Test Taking Skills - Multiple Choice Strategies

Test Taking Skills - Multiple Choice Strategies
School has been going for a while now. Tests (those lovely midterms and finals) will be coming up shortly. Usually there are two kinds of tests: multiple choice and essay.

Here are some test-taking skills to help you with multiple choice tests, so that you can do great and feel even better! Next week we’ll strategize on how to do well on essay tests!

Here we go. Just a few simple steps to better test scores:

Nothing is worse than to get to the bottom of the test and realize you’ve done it wrong. Even if you’re nervous, you must read the directions carefully. Teachers are funny…they want you to do things a certain way. It’s best if you do. (Tip: read through the directions by touching each word as you read it. This will slow you down enough to let the information sink in.)

By reading the directions, you will better follow them. This means your chance of a higher score goes up!

When starting a test, skim through the test before plunging in. This means that you simply read all questions before answering any of them.

Skimming first will let you know how to pace yourself. You will know which questions are harder (or more confusing). Thus, you will know which will take more time. Save these for last.

Once you’ve glanced at all the questions, now start with the easiest one…even if it’s the last question ofnthe test.

Imagine that the first question is the hardest. You could spend all your time on this question, never getting to the rest. Your odds of failing the test are high this way. No matter where the questions are in the test, answer the easy ones first and save the tough questions for last. By answering all the easy questions first, your odds go up of getting at least a passing grade.

Cover up the answers while reading the question. How would you answer the question? Determine that before you actually look at the provided questions. This will often help you narrow down the right answer.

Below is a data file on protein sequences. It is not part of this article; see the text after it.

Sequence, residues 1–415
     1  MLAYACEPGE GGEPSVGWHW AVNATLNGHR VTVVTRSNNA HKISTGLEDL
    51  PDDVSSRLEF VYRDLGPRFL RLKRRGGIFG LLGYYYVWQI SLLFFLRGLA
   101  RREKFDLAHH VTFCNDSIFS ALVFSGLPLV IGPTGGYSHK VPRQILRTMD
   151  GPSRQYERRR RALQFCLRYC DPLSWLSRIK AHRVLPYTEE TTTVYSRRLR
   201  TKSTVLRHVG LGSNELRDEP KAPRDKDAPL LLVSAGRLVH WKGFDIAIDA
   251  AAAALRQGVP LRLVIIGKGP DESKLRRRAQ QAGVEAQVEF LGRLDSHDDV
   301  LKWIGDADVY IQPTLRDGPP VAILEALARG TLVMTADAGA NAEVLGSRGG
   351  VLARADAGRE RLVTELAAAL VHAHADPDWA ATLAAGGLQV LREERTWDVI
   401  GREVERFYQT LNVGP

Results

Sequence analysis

By already thinking of what you feel the answer is, your mind might find the answer better once you move your hand and look at the multiple choices in front of you.

When a question is multiple choice (where you have to pick A, B, C or D), immediately rule out the “obviously-wrong” answers.

By crossing out the wrong answers right away, you’ll probably end up with just one or two possibilities left. By getting rid of the “junk” answers, you’ll think more clearly with less facing you on the page. Thinking more clearly means that you’ll be more likely to find the correct answer!

Some tests are graded with additional points deducted for wrong answers. In this case, it is better to leave the question blank. Some tests are not this stringent. It is important to check with your teacher if you are penalized for wrong answers.

Why take a hit more than you need to? By checking with your teacher on how she grades, you'll better know how to score well and get a better grade.


These are just a few simple suggestions to do better on multiple choice tests. As a kid, I should have known better. My grades didn’t improve until I started using these approaches. For example, when I was in high school, I did not have great test taking skills. My grades averaged C’s and B’s.

But by the time I got into college, things started clicking. My last three semesters I got straight A’s! Part of the reason was because I’d learned note-taking and studying skills, but part of it was because I’d learned better test-taking skills.

Over the next few weeks, we’ll be exploring all of these things so that you, too, can be a better student and do as well in school as you’d like to!


C.S. Bezas

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